Personal tax and nontax payments of the timing of refund payments on 1984 Federal personal income taxes. Refund payments are netted against tax payments in calculating personal tax and nontax payments, and because refunds were delayed in the first quarter due to computer problems at processing centers, personal tax payments were unusually large in the first quarter--an increase of $37 1/2 billion. In the second quarter, the catchup in refund payments led to a large decline in tax payments. In addition, the first-quarter increase had included the effect of the indexing of Federal income taxes. Excluding these factors, personal taxes increased $16-1/2 billion in the first quarter and about $12-1/2 billion in the second.

The swing personal taxes swamped the deceleration in personal income, so that disposable personal income increased much more in the second quarter--over $80 billion, compared with $10 billion in the first. (Excluding the special factors in personal income and in taxes, the increase in disposable income was about $25-1/2 billion in both quarters.) In real terms, the second-quarter increase was about 10 percent, after a 1-1/2-percent decline. The increase in personal outlays--in which personal consumption expenditures predominate--was close to the $54-1/2 billion registered in the first quarter. Accordingly, after declining sharply in the first quarter, personal saving increased sharply in the second. The personal saving rate, which had fallen to 4-1/2 percent in the first quarter, increased about 1 percentage point.

First-quarter corporate profits

Revised first-quarter estimates show that profits from current production--profits with inventory valuation adjustment (IVA) and capital consumption adjustment (CCAdj)--increased $1/2 billion, to $292-1/2 billion. In the fourth quarter, profits had recovered from the third quarter's $8-1/2 billion decline; profits have increased only slightly over the three quarters. In the first quarter, the increase was in domestic profits; were unchanged.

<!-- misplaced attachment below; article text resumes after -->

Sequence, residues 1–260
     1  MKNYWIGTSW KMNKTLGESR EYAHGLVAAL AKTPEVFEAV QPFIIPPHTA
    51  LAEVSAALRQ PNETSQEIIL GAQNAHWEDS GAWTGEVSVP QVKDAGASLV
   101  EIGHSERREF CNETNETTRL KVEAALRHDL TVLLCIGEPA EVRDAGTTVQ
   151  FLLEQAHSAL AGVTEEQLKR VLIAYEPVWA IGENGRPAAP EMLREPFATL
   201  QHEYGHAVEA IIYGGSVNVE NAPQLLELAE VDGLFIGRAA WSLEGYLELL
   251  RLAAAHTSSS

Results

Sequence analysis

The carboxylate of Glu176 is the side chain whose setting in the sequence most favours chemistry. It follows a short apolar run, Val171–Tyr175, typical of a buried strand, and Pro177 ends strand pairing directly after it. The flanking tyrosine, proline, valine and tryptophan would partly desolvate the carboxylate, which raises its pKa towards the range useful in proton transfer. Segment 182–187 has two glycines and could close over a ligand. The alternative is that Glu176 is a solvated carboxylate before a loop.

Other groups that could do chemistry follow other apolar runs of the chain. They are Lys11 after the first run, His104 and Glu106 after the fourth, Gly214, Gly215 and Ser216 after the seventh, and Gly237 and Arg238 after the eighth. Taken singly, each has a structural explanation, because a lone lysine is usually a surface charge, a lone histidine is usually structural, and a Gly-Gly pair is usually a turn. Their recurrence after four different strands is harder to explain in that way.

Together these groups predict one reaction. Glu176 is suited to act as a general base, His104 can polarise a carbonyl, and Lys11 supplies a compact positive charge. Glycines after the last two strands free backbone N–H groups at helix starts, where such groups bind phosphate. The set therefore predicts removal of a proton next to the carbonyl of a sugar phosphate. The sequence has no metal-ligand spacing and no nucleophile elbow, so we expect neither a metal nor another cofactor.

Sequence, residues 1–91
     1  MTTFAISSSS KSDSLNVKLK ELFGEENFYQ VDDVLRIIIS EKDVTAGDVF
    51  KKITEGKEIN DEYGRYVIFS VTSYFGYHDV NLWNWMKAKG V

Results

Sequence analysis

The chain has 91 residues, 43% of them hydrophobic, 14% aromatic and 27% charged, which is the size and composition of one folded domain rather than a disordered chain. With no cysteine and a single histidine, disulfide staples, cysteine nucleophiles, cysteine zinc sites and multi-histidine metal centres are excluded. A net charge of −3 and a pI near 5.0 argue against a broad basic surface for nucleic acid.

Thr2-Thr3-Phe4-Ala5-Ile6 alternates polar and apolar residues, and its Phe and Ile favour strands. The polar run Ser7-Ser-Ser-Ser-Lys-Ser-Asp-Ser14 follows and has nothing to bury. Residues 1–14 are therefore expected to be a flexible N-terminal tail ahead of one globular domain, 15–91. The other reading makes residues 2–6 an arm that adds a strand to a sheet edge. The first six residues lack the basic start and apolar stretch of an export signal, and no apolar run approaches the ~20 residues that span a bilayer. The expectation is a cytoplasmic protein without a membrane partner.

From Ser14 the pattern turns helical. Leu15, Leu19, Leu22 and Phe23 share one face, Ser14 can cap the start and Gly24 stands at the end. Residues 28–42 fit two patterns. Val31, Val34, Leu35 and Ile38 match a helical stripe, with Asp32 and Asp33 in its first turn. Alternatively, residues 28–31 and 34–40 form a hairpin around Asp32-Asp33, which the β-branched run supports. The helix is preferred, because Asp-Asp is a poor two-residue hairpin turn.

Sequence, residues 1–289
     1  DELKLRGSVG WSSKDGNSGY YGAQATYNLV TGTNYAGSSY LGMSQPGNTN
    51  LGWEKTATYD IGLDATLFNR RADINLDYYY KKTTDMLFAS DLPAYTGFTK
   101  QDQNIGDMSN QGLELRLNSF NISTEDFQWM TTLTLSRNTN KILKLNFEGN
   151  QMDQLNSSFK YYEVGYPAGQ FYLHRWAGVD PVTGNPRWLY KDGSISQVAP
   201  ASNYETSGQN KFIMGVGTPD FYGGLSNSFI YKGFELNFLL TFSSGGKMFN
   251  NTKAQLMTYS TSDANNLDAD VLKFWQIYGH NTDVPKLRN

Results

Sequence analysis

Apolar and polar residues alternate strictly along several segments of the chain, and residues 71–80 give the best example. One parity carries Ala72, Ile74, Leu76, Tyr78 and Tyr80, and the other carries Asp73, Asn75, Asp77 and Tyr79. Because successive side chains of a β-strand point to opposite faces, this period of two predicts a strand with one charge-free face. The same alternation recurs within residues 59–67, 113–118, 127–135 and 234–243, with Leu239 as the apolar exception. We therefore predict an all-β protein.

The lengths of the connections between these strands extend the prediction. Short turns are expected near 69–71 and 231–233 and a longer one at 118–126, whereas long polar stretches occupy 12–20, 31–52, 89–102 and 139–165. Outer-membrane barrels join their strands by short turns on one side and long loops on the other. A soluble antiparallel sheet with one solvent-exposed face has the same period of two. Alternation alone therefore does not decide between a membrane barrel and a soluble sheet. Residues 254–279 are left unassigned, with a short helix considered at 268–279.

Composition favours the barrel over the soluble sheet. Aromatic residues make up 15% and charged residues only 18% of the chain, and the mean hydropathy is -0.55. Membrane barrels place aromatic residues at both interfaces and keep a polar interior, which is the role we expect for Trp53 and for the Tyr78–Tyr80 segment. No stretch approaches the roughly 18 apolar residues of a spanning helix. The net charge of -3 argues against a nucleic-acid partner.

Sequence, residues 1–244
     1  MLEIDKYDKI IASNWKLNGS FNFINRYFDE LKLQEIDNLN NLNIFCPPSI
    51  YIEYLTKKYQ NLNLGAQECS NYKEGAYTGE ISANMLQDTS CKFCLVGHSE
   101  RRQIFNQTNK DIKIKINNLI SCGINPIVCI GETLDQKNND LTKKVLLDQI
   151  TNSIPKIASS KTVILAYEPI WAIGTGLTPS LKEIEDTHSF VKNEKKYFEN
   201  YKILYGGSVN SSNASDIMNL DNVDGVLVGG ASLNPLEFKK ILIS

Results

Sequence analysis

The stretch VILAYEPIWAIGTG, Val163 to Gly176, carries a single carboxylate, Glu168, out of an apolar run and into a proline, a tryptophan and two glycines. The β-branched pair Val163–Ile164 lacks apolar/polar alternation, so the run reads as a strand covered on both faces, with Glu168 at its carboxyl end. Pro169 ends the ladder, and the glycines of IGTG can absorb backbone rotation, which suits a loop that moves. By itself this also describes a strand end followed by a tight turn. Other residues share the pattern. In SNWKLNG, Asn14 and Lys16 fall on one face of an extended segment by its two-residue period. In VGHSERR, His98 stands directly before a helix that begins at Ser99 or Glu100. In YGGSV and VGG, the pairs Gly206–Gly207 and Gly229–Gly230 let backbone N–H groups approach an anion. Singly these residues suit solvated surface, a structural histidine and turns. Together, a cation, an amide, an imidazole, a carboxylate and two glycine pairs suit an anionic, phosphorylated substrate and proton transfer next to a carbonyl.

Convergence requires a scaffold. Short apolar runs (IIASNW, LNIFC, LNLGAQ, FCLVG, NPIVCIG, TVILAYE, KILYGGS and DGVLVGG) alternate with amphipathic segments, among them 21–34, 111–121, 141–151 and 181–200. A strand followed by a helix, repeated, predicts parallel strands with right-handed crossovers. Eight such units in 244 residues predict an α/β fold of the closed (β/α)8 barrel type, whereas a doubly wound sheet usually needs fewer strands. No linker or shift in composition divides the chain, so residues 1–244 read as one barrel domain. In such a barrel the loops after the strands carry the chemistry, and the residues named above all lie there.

Profits before tax (PBT) differ from profits from current production by the IVA and CCAdj. In the first quarter, the IVA increased $2-1/2 billion, to $1 billion, and the CCAdj increased $4-1/2 billion, to $69 billion. PBT declined $6-1/2 billion, to $222-1/2 billion, following a $4 billion increase. Trade and durable manufacturing profits contributed most to the decline. Within trade, profits of both retailers and wholesalers declined. Within durable manufacturing, declines were widespread, but profits of fabricated metals producers were down the most. Overall, the situation is essentially the same as that described in the May "Business Situation."

First-quarter NIPA revisions

The 75-day revisions of the national income and product accounts estimates for the first quarter of 1985 are shown in table 3.
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Publication:Survey of Current Business
Date:Jun 1, 1985
Previous Article:Regional and state projections of income, employment, and population to the year 2000.
Next Article:Interest rates and aggregate inventory investment.